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Showing entries 1 to 6

Displaying posts with tag: squid (reset)

Advanced Squid Caching in Scribd: Cache Invalidation Techniques
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Having a reverse-proxy web cache as one of the major infrastructure elements brings many benefits for large web applications: it reduces your application servers load, reduces average response times on your site, etc. But there is one problem every developer experiences when works with such a cache – cached content invalidation.

It is a complex problem that usually consists of two smaller ones: individual cache elements invalidation (you need to keep an eye on your data changes and invalidate cached pages when related data changes) and full cache purges (sometimes your site layout or page templates change and you need to purge all the cached pages to make sure users will get new visual elements of layout changes). In this post I’d like to look at

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Solaris On Demand for Sun Partners
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You are an Independent Software Vendor, and you want to develop, port, or test your application on Solaris or OpenSolaris? Sun's online Virtual Lab environment - EZQual - makes it easy for you, and it's free!

The Lab features pre-installed SPARC or x86 processor-based Sun servers with development tools (SunStudio and Netbeans), Java, AMP, memcached, Squid, Httplight, PostgreSQL, Solaris or OpenSolaris, and more.

In addition, thanks to the Sun's Secure Global Desktop, accessing this secure development environment over the Internet is just like running Solaris on your own laptop:

Want to know more? Check out the EZQual web page.

Advanced Squid Caching in Scribd: Hardware + Software Used
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After the previous post in this caching related series I’ve received many questions on hardware and software configuration of our servers so in this post I’ll describe our server’s configs and the motivation behind those configs.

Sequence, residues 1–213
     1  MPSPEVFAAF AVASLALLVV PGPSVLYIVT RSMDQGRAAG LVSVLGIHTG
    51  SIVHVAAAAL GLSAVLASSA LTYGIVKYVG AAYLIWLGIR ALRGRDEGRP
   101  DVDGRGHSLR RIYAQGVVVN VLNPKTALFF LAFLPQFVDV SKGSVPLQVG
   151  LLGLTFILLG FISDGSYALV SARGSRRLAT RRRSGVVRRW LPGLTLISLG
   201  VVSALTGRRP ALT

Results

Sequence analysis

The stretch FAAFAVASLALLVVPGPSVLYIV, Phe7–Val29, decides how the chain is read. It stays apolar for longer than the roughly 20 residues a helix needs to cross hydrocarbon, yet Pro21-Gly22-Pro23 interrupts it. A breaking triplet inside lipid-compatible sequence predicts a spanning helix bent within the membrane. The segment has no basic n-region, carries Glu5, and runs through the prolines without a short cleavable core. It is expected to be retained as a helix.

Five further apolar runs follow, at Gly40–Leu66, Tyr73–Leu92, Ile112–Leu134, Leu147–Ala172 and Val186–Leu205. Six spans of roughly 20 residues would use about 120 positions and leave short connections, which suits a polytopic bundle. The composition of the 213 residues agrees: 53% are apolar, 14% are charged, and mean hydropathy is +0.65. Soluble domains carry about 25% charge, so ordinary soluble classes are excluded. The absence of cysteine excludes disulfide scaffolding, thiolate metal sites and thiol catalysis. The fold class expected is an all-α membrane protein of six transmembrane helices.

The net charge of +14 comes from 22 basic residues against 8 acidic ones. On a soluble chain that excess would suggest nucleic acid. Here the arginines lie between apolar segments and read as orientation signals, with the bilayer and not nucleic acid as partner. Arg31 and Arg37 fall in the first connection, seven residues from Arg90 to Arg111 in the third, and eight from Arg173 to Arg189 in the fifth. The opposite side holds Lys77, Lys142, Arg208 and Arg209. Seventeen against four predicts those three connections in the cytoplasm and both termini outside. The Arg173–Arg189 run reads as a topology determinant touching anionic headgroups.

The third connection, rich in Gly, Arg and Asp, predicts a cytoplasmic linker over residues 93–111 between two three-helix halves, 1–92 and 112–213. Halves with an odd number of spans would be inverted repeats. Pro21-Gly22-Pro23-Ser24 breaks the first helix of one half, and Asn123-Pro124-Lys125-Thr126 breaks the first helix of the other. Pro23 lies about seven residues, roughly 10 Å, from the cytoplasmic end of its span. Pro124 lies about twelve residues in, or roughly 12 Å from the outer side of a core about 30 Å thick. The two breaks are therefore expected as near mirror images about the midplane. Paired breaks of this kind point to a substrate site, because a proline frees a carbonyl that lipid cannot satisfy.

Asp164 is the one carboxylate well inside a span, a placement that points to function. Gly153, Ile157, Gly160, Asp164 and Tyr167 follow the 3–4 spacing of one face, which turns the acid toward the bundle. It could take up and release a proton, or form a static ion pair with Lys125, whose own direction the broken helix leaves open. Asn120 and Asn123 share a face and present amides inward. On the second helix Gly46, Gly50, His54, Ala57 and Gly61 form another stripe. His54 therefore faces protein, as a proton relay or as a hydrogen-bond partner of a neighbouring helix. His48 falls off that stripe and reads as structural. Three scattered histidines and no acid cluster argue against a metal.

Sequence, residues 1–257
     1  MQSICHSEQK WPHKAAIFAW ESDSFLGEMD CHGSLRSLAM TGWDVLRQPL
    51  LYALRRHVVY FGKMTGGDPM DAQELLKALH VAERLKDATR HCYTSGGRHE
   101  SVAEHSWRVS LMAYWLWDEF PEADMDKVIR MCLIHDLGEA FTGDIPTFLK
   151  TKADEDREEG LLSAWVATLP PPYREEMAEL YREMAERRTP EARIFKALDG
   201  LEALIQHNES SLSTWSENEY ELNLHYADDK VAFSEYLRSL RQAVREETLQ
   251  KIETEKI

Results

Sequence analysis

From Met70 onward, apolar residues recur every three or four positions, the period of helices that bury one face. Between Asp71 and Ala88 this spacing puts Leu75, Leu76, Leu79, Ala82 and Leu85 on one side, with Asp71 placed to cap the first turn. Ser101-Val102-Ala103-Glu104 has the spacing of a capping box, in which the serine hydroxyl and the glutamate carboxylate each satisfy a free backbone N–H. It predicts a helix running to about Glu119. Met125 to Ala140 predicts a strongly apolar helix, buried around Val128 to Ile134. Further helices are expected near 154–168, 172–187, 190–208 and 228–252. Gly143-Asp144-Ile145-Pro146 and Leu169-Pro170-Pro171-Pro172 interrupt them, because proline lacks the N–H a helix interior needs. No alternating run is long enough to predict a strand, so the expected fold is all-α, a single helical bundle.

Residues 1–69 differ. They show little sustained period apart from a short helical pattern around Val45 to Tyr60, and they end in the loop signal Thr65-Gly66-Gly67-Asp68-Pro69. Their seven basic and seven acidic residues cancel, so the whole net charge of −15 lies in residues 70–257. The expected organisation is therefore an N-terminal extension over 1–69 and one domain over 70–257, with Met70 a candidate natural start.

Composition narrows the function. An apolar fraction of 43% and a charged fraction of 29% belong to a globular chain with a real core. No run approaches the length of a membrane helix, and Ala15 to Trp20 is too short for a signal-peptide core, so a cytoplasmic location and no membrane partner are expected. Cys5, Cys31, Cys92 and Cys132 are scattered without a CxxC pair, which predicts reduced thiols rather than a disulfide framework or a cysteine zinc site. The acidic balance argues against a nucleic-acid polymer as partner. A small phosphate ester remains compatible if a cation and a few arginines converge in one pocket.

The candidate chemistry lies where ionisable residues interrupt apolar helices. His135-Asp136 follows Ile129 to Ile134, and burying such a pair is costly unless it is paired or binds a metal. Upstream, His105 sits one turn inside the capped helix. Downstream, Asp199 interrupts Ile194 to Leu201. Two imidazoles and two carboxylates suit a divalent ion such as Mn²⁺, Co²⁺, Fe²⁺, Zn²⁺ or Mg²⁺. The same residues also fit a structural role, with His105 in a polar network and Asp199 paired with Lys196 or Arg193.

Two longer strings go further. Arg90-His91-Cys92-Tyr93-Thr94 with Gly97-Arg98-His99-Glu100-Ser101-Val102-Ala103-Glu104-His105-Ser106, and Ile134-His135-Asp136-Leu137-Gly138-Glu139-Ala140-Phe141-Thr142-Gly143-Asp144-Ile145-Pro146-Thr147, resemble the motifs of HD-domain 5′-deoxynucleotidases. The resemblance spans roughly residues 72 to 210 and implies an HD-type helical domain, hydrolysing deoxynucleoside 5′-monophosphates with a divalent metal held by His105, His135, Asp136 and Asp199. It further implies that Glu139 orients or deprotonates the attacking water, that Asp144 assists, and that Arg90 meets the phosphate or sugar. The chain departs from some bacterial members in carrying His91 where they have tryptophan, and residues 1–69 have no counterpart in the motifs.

Hardware Configuration

Since in our setup Squid server uses one-process model (with an asynchronous requests processing) there was no point in ordering multi-core CPUs for our boxes and since we have a lots of pages on the site and the cache is pretty huge all the servers ended up being highly I/O bound. Considering these facts we’ve decided to use the following hardware specs for the servers:

CPU: One pretty cheap dual-core Intel Xeon 5148 (no need in multiple cores or really high frequencies –

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WebStack 1.5 - Your (L)AMP Stack
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Sun's LAMP support is assembled from two pieces: the L is from our Linux/GNU Support (see SunSolve entry), while the AMP comes from the GlassFish WebStack, which, in its latest incarnation includes Apache HTTP Server, lighttpd, memcached, MySQL, PHP, Python, Ruby, Squid, Tomcat, GlassFish (v2.1) and Hudson (features).

The inclusion of Hudson is a bit of an opportunistic move (more on that in a bit), the rest comprises a well tested, integrated, optimized, and extended component

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Advanced Squid Caching in Scribd: Logged In Users and Complex URLs Handling
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It’s been a while since I’ve posted my first post about the way we do document pages caching in Scribd and this approach has definitely proven to be really effective since then. In the second post of this series I’d like to explain how we handle our complex document URLs and logged in users in the caching architecture.

First of all, let’s take a look at a typical Scribd’s document URL: http://www.scribd.com/doc/1/Improved-Statistical-Test.

As we can see, it consists of a document-specific part (/doc/1) and a non-unique human-readable slug part (/Improved-Statistical-Test). When a user comes to the site with a wrong slug in the document URL, we need

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Advanced Squid Caching for Rails Applications: Preface
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Since the day one when I joined Scribd, I was thinking about the fact that 90+% of our traffic is going to the document view pages, which is a single action in our documents controller. I was wondering how could we improve this action responsiveness and make our users happier.

Few times I was creating a git branches and hacking this action trying to implement some sort of page-level caching to make things faster. But all the time results weren’t as good as I’d like them to be. So, branches were sitting there and waiting for a better idea.

Few months ago my good friend has joined Scribd and we’ve started thinking on this problem together. As the result of our brainstorming we’ve managed to figure out what were the problems

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Showing entries 1 to 6

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